Levonorgestrel is a form of emergency contraceptive that is used after failure of another form of birth control or after having unprotected sex. It is effective in stopping the egg from attaching to the wall of the uterus.
Be aware that no form of contraception, including this one, is 100% effective. More effective methods of never having a baby are abstaining from sex or becoming sterile. You should therefore never use Levonorgestrel as a regular birth control method. You can properly discuss all of your birth control options with your doctor.
Plan B One-Step®, the drug name for Levonorgestrel, is available over-the-counter without a prescription. It can be given to any woman who has childbearing potential. However, if you do have questions about this medicine, then you can discuss it in greater depth with a doctor or pharmacist.
As well as having its intended effect as an emergency contraceptive, it is possible that you will experience side effects after taking Levonorgestrel. These die effects can range in their severity and their need for medical assistance. Below is a list of the more serious ones. If you experience any of these after taking this medicine, you should contact your doctor immediately.
Below is a list of the less serious side effects that may occur after taking this medicine. If you experience any of the following, then you may find that they simply pass over time as your body adjusts to the medicine. For this reason, they are not necessarily a cause for concern. However, if you do experience any of the following and find them lingering or bothersome, then you can still contact your doctor. They may be able to advise on ways to reduce the unwanted effects.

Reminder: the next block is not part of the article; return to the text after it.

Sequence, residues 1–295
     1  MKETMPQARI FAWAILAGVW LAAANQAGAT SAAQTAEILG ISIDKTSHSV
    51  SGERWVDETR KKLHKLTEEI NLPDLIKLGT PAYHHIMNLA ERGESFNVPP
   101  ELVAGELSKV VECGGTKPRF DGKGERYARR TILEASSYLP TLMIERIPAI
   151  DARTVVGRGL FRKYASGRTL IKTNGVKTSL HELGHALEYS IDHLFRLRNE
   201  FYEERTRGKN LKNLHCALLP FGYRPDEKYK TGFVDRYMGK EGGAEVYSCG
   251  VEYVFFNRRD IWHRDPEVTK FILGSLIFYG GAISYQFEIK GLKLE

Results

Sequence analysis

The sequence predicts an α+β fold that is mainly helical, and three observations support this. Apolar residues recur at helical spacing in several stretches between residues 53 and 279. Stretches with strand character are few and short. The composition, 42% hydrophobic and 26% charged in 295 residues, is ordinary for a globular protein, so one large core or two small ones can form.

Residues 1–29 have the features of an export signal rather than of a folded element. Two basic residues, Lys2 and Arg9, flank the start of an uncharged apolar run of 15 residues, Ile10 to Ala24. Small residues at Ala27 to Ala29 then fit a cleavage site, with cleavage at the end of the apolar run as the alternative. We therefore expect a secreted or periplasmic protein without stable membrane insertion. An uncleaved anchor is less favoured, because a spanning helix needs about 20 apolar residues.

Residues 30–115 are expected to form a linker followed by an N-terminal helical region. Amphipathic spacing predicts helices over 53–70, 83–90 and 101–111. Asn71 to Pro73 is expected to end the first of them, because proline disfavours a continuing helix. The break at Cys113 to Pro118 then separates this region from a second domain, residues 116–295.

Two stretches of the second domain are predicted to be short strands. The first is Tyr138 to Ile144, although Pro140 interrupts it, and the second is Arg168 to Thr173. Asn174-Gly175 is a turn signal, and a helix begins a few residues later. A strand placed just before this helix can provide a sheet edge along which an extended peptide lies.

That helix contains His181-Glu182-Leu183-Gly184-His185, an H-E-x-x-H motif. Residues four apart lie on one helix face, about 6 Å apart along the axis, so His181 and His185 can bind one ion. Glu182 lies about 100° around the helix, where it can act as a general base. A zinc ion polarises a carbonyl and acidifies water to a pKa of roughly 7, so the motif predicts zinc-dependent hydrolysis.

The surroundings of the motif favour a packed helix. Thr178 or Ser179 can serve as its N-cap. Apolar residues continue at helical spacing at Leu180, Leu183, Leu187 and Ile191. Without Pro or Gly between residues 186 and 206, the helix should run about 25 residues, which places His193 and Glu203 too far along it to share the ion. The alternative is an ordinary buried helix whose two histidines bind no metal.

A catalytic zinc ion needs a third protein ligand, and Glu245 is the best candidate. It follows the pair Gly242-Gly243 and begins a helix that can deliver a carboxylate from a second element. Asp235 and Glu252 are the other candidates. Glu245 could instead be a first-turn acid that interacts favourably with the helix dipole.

You may experience other side effects that are not listed here. If that is the case, then you can discuss these with your doctor.
Below you can find the typical dose of Levonorgestrel that is given to patients looking to avoid pregnancy. Be aware that your pharmacist or doctor may give you a slightly different prescription or offer different guidance to what is listed below. This is because there may be something unique about your circumstances that require this to be different. Either way, you should take this medicine exactly as prescribed to you. Never take any more and do not take it more frequently. You should only take more of this if told to do so by your doctor.